"That man has reached immortality who is disturbed by nothing material" ~ Swami Vivekananda

Sacred Space: Reflections

The Art of Doing Nothing

Romola Butalia spoke to several people about 'doing nothing'. This article was first published in 'The Independent'.

Ask people who are living a full life, who exude a sense of vibrancy and joy and who are alive and responsive to the world around them what they enjoy doing and, almost invariably, you find that high on their list of joys is doing precisely nothing.

"I enjoy doing nothing," says cartoonist Mario Miranda, who can spend hours just watching people and is content with his own company. Even as a child he used to play alone often, imagining and creating his own activities. On the other hand, he hates wasting time. How does he reconcile the two ? "Some people are wasting time when they just sit around. When I'm doing nothing, I'm not wasting my time, " he explains perfectly logically.

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Underwater Ad-man and scuba-diver Prahlad Kakar, who enjoys living on the brink and is excited by the dangerous and the novel, still thinks that "sorting out your mind is a relevant aspect of living. I consciously do it by sitting alone in a dark room. Doing nothing is a form of meditation really."

"My god, I love doing nothing," says Asit Chandmal, software and financial consultant, who takes plenty of time off to allow things to happen and then writes about it. Looking blissful just talking about it, he says, "The art of doing nothing is the greatest art. Something and everything happens to me when I'm doing nothing. By doing something, nothing happens. The mind is like a cup that is full to the brim and must be emptied to absorb experiences."

According to Chinese wisdom, "clay is moulded into vessels, and because of the space where nothing exists we are able to use them as vessels" (the Tao Te Ching). Man's greatest achievements have been a result of reflection. As Stephen Hawking said, "The idea of gravity came to Newton as he sat in a contemplative mood."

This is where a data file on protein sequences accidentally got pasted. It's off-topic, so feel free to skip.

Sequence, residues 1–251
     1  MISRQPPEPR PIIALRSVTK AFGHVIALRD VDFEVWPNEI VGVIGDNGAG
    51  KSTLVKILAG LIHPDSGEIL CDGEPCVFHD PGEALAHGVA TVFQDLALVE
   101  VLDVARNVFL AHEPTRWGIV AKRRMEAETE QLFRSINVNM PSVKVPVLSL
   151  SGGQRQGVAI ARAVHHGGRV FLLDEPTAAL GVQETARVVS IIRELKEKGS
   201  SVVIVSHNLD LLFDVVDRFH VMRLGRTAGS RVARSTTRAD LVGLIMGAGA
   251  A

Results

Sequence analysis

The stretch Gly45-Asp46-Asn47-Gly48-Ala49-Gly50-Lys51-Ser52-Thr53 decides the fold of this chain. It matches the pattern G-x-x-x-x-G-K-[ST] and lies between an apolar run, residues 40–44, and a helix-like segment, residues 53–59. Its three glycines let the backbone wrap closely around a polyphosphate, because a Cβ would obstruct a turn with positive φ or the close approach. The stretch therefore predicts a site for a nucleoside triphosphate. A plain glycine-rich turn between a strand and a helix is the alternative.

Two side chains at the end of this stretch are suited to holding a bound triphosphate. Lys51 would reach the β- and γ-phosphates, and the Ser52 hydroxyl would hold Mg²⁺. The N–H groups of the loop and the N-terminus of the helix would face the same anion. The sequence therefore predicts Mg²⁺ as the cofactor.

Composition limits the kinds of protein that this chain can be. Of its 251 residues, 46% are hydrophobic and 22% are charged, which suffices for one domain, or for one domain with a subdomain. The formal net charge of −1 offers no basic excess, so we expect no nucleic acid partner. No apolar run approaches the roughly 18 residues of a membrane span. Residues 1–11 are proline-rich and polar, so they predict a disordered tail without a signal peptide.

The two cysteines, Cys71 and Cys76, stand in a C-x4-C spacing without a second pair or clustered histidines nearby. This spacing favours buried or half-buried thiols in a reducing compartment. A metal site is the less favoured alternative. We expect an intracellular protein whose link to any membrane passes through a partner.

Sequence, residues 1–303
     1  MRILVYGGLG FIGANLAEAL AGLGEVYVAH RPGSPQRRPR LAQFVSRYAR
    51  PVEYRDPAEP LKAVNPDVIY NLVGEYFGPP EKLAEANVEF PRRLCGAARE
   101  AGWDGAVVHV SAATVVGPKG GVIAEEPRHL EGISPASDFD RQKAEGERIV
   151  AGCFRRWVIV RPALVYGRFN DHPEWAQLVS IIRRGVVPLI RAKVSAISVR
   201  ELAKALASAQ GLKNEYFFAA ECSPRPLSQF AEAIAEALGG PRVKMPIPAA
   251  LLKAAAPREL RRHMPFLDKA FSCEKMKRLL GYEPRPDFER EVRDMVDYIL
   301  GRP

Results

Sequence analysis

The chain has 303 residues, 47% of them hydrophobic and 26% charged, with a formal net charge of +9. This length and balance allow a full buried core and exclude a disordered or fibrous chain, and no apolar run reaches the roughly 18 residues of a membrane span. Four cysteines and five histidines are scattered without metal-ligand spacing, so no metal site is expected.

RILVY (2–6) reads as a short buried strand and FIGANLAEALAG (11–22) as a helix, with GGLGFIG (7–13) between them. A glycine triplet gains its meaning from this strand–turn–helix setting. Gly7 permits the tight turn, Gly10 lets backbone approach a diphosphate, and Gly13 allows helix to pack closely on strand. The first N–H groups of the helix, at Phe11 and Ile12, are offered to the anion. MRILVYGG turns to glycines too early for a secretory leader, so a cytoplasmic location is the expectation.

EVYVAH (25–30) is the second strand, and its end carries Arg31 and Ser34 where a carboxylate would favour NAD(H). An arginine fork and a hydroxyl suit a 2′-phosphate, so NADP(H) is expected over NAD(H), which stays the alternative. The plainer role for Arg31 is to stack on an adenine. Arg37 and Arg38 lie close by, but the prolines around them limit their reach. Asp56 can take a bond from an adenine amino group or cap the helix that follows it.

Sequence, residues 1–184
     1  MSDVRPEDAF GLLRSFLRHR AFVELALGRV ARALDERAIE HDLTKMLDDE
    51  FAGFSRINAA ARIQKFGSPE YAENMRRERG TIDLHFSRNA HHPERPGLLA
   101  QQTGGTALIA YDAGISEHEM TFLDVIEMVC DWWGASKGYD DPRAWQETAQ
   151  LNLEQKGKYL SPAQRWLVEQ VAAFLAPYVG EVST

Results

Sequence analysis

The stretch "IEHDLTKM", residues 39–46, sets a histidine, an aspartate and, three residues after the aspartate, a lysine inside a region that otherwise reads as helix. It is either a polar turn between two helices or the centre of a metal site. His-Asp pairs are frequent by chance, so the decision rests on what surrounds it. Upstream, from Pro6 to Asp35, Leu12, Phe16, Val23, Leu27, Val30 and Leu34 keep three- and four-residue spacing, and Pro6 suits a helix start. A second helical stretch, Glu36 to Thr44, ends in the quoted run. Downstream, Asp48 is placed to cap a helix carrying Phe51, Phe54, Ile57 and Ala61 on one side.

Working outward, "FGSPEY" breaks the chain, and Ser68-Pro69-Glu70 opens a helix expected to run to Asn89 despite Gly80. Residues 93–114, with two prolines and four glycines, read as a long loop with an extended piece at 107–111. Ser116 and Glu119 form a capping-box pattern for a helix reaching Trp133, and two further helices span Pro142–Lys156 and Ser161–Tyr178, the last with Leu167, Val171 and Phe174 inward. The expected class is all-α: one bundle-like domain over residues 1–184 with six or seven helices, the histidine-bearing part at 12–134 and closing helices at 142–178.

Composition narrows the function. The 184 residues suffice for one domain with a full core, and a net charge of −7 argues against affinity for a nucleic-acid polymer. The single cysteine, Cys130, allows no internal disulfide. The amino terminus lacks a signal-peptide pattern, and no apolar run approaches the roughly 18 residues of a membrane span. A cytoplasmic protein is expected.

Creativity is essentially the manifesting of the unmanifest and involves the unleashing of an energy harnessed in silence and solitude. Man's spirituality and his philosophies have arisen out of contemplative absorption and meditation, leading to insights.

Yet to-day, caught as we all seem to be in a vortx of hectic activity, trained to be constantly doing something in a world that only credits output, respects money and measures success quantitatively, we are losing touch with ourselves. There is no time to search for one's original spirit. Most of us harbour a sense of guilt about the time spent doing nothing.

Our greatest moments of joy are often felt when we catch glimpses of our inner selves in a fleeting moment with a quietened mind, not the moments that bring accolades. We are rarely aware of life and living except when we sit back doing nothing.

Give me a day to sit by the sea, hour after hour, watching the waves break as the tides come in and go out again. Or a day in the high Himalayas surrounded by snow and the sheer blue sky, watching eagles fly where only eagles dare. With time to do nothing, one sees butterflies and woodpeckers, glow-worms and flying squirrels. Even the falcon stops still in it's tracks before flying again. Watch the flames of a fire and spend a night under the stars miles out from nowhere, and the only dream one is left with is of time to do nothing.

Shen-hui, one of the greatest Zen masters, said, "Seeing into nothingness, this is true seeing and eternal seeing."

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Editor: Romola Butalia       (c) India Travelogue. All rights reserved.